Are you too old to become a Canadian citizen?
A 92-year-old Ontario woman, who immigrated to Canada in 1947, finally became a citizen this month, the Globe & Mail reported:
For more than 64 years, British-born Cynthia England has called Canada home: She’s worked here, raised children, paid taxes and now collects a pension.
But thanks to a bureaucratic quirk, she was never a citizen.
The 92-year-old crossed the pond with her husband, a Canadian army officer, in 1947, but arrived a few days late to qualify for the automatic citizenship conferred on war brides.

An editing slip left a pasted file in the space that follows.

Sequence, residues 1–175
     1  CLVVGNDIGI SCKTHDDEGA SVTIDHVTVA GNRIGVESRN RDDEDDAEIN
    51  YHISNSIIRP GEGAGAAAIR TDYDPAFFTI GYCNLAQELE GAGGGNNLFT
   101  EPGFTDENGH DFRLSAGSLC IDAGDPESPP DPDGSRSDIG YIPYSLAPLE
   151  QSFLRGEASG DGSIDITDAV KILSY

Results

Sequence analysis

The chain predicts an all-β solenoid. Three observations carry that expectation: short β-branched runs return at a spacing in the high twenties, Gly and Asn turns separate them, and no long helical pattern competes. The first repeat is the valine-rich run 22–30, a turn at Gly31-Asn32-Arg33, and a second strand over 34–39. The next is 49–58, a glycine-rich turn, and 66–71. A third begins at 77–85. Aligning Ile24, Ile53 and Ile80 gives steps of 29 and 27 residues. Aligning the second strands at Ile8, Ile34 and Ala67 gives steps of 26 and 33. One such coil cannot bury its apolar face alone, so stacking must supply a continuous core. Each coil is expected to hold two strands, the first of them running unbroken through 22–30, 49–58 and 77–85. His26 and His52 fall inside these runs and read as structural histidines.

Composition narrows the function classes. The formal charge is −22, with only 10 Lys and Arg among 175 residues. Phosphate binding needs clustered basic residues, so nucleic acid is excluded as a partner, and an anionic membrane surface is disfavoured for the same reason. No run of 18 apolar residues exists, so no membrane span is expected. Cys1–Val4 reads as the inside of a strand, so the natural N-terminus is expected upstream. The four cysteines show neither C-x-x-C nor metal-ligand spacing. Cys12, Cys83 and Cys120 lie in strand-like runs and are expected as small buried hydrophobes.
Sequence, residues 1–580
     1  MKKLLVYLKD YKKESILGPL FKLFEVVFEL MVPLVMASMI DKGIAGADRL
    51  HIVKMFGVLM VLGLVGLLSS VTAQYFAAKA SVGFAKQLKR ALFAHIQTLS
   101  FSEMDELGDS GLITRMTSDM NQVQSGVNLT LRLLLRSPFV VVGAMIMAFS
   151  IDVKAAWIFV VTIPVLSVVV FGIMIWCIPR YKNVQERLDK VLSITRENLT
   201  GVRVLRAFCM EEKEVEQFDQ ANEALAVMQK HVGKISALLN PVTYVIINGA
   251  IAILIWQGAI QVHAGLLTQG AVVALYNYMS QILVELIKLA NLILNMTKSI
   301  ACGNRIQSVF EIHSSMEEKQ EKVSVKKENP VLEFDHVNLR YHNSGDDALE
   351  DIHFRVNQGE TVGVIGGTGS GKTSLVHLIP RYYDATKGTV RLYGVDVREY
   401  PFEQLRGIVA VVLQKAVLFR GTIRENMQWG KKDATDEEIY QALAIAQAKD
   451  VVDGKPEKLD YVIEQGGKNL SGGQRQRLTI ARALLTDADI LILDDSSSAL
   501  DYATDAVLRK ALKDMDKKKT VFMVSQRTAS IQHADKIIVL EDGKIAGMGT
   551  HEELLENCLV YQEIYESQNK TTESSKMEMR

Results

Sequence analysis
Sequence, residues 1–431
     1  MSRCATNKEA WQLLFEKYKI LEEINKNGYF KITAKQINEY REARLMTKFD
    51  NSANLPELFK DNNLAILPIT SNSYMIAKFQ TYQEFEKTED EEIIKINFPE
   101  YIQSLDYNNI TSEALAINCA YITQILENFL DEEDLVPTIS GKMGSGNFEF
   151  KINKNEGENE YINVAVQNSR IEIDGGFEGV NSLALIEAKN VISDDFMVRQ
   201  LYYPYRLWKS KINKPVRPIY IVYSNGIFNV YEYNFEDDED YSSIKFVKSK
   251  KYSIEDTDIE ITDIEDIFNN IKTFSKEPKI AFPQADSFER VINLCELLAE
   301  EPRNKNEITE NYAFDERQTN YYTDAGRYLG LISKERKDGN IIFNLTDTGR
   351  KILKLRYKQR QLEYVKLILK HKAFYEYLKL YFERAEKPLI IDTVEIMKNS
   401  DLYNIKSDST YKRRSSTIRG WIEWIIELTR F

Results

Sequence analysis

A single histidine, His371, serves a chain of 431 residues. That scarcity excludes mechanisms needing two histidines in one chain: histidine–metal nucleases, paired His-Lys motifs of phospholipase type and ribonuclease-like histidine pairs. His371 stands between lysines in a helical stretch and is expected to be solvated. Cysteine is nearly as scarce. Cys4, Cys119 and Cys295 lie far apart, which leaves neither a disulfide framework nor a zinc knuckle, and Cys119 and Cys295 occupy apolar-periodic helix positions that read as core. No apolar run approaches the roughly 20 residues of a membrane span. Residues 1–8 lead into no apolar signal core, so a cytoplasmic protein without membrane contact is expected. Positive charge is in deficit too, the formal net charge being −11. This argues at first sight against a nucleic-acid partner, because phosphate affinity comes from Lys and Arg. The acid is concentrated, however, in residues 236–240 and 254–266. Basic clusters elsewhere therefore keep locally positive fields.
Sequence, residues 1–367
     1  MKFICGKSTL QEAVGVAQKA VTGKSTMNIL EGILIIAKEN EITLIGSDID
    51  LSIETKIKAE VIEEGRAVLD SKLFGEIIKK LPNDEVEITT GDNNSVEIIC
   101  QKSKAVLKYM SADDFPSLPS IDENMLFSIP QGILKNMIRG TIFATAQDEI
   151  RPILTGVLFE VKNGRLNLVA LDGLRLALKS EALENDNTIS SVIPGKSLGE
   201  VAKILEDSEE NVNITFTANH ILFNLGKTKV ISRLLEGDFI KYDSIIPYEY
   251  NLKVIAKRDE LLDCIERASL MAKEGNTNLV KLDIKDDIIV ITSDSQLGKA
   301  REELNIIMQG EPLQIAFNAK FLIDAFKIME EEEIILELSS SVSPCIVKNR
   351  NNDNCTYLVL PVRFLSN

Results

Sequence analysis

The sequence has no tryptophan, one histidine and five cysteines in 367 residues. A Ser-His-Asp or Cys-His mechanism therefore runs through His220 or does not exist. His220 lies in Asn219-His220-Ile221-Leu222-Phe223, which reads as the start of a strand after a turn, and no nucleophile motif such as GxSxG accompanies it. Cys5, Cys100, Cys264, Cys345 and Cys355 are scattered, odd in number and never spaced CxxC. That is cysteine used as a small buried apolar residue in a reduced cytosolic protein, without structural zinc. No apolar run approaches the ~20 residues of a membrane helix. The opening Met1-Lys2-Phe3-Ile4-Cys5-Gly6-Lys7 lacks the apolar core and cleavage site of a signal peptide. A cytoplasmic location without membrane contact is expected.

She took the citizenship oath in her home, in a special ceremony that Citizenship and Immigration Canada arranged.
According to the Citizenship and Immigration Canada (CIC) website, you must be at least 18 to apply for citizenship, but no maximum age is given. The CIC site also states that prospective new Canadians must take the citizenship test if you’re between the ages of 18 and 54.
(So does that mean that if you’re 55 or older when your citizenship application is approved, you don’t have to write the test? Can anyone confirm?)
Either way, if you’re thinking about applying for Canadian citizenship, it’s never too late!
And as Ms. England said, “…where else are you going to have a better life than in Canada?”
Canadian passport photo by Jason Spaceman (flickr)